Wimbledon 2010 – Thoughts on Week I
The Battle of 70-68
The biggest story of the first week has to be John Isner and Nicolas Mahut’s surreal three day struggle. The level of play did not reach the heights of the previous three men’s championship matches. However, play is the operative word that has me marveling what they did and also lauding it as a historically significant occasion. Whether it is tennis, some other sport or playing tag in one’s neighborhood, I imagine all of us played various games as children that only ended when the sun went down. Mahut and Isner did this while playing a sport at the professional level on the most hallowed grounds of tennis. Playing until the sun goes down is a shared memory deeply seeded in all of us and this match touched on that. Isner and Mahut made me proud to be a tennis fan and more importantly a tennis player.
Roger and Rafa Struggle
The top two seeds have faced tough tests in the early going at Wimbledon. Federer has looked a bit flat footed. Nadal has struggled with big serves. I think either one could win this title, but the idea of either player dominating for months on end across surfaces seems improbable.
Quick Views on Other Contenders
Robin Soderling continues to hit the ball obscenely hard. Andy Murray perhaps decided he left his best tennis on the courts of Miami, Queen’s Club and other tune-up events in 2009. Maybe his post-Aussie Open meltdown simultaneously relieved some pressure while also leaving him fresh for another deep run at Wimbledon. Novak Djokovic wearing his warm-up suit to meet the Queen of England impressed me. Due to his form in 2010 and his tough draw, Nole seems to be the least talked about high seed in the men’s field. He has an uphill climb, but wearing warm-ups to meet the Queen has to give him some positive Karma. Andy Roddick had a tough draw to reach the round of 16, but he looks like a good bet for the quarterfinal round. Roddick will likely have to play three matches at a high level to have a chance to claim this title. I think Roddick will need help from the draw to achieve the last of his career goals. Lleyton Hewitt likely won’t win four consecutive matches as an underdog. Still, the one time mongrel has grown into a semi-beloved old curmudgeon of the men’s tour.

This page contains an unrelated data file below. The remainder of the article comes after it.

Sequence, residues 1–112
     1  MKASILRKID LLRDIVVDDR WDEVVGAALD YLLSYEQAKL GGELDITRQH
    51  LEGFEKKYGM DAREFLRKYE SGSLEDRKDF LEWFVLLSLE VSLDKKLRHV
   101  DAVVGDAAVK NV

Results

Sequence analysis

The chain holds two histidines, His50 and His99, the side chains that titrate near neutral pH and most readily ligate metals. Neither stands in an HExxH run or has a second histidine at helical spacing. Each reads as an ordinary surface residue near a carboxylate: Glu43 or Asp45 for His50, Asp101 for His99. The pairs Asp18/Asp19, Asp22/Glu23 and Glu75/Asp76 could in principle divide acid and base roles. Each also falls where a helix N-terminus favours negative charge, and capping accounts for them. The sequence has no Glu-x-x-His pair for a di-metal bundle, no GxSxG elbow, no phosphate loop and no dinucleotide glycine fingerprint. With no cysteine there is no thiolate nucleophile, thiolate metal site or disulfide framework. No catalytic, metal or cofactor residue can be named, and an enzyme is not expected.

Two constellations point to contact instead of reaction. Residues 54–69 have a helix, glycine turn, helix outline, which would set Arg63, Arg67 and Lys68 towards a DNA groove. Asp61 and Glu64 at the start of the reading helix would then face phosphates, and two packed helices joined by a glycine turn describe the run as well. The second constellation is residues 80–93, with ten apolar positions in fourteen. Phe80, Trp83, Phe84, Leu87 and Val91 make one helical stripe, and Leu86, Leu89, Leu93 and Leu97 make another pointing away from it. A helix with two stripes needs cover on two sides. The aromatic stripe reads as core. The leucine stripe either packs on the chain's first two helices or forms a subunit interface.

“Where have you gone Steffi Graf? A nation of tennis fans turn their lonely eyes to you”
The French Open champion and runner-up both lost in the first round on the women’s tournament. I don’t want to come across as anti-women’s tennis in the least. I was far more interested in the 1992 Monica Seles – Steffi Graf three set war at the French Open than I was in Jim Courier dismantling Petr Korda the next day. Instead of Graf battling to overcome Martina Navratilova and take firm control of the women’s tour at Wimbledon 1988, Navratilova looking like an ageless wonder in 1990 or Graf crushing Monica Seles at Wimbledon 1992, tennis fans are now subjected to “grunt-gate” debates and a field of shaky players. Serena Williams is the best champion of the post-Graf-Seles era, but Serena does not paste the tour on a weekly basis the way those two did. Venus Williams is a thoughtful person who is a threat on grass, but when did she last threaten at the other three majors? The Belgians came back from sabbaticals, but neither seems intent on setting the standard for the tour. Until, the women’s game produces a player who does set the standard for the tour on a weekly basis while also striving to unseat Serena’s status as the favorite at every major, there is no compelling story to follow.
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